Manage Yard Debris ASAP
During hurricane season, don’t let objects in your yard pile up or become projectiles. Actively remove vegetative debris in the yard, and stow or secure toys, lightweight furniture, and other objects that could become airborne in high winds.
If your local trash pickup service doesn’t remove yard waste in a timely manner and you can’t take it to a local dump or transfer station, reach out to local landscaping companies. They may haul vegetation away for their own mulch production.
In addition, keep up with the trees and shrubs surrounding your home, keeping them cut back regularly during storm season. “Cut down trees that may land on your home if possible, or trim the branches,” urges a Hurricane Harvey survivor.
Need help with the heavy lifting? Ask a local high school sports team to spend a day helping out your entire neighborhood.
Low-Cost Ways to Prepare for a Hurricane
Preparing to withstand or evacuate a hurricane doesn’t have to be expensive. Putting these seven cheap and free tactics to prepare for a hurricane before the season starts can improve survival and recovery when one hits.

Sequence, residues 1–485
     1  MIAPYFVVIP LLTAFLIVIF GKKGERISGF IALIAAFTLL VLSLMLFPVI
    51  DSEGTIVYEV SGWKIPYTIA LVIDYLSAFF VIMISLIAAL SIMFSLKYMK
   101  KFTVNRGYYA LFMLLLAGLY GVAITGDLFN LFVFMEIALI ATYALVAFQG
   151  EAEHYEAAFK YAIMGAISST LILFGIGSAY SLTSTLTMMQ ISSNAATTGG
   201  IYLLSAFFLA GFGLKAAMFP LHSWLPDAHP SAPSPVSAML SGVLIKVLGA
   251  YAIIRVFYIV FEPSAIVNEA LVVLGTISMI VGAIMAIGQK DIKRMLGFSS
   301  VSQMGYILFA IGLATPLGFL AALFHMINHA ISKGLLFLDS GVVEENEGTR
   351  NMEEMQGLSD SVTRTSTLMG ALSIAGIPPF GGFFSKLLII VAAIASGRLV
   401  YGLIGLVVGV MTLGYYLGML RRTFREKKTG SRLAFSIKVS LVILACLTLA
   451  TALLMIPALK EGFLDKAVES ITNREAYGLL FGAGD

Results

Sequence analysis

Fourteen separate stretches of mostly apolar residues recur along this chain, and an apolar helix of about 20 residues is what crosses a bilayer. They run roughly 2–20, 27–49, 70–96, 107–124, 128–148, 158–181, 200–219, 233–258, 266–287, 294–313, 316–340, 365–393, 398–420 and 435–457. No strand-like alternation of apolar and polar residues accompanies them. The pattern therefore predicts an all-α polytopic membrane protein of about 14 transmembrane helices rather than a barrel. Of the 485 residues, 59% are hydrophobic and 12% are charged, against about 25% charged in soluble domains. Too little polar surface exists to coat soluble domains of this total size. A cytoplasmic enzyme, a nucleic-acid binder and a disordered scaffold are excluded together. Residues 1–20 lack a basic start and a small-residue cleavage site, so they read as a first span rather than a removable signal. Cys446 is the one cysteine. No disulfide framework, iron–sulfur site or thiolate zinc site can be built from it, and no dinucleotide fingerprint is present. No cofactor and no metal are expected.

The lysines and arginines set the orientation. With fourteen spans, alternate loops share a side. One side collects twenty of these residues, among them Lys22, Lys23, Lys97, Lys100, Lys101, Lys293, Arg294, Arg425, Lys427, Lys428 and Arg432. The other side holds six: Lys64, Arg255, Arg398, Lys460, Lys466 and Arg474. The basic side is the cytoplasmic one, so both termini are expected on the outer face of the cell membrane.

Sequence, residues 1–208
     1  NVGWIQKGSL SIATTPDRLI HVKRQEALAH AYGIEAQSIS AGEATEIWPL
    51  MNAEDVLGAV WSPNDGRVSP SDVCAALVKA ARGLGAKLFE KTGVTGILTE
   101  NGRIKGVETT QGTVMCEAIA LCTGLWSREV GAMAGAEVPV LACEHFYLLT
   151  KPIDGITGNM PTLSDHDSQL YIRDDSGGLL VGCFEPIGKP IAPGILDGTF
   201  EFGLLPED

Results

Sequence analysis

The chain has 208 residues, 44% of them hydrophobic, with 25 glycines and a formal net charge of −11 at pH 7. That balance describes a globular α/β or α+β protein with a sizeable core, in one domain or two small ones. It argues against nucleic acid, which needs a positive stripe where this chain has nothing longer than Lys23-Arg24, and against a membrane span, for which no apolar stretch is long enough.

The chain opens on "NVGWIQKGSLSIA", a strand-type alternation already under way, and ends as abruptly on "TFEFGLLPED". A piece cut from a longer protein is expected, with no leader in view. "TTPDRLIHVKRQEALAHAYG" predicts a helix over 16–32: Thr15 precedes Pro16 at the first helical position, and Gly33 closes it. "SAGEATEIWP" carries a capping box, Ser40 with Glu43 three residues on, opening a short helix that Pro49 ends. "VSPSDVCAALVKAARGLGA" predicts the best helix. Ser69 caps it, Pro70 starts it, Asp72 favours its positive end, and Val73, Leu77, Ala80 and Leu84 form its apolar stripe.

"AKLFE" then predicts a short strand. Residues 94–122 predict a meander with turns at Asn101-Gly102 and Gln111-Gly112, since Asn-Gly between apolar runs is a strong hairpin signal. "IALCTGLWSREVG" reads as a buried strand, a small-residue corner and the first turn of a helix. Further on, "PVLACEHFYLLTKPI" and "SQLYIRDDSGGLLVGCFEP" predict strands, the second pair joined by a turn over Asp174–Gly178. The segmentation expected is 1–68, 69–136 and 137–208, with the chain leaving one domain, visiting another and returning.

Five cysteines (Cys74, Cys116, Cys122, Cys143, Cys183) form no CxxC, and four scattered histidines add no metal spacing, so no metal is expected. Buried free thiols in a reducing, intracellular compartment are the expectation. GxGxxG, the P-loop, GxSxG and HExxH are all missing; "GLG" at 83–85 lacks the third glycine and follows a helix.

Seal Essentials in Plastic
Hurricanes regularly bring heavy rain that causes flooding, so keeping everything from home deeds to family memorabilia beyond the reach of floodwaters is essential.
Store valuables, like identifying documents, family heirlooms, irreplaceable photos, and home deeds, in a waterproof container. A plastic bin with a sealing and locking lid is an excellent choice for storing and keeping valuables dry, but in a pinch sealing documents in ziploc bags is also a good solution.
For a zero-cost solution—one that doesn’t require purchasing plastic bags or boxes—place all important documents and memorabilia in high on a shelf so that if a flood does occur, it won’t soak boxes stored at ground level.
Create a Cache of Canned Food
Every time you head to the grocery store, pick up a few on-sale nonperishable foodstuffs to add to your stockpile. Canned goods, peanut butter, and dried fruits last the longest, but make sure to check expiration dates regularly. Those who shop at food pantries or food banks should consider picking up additional canned and shelf-stable items during their regular visits.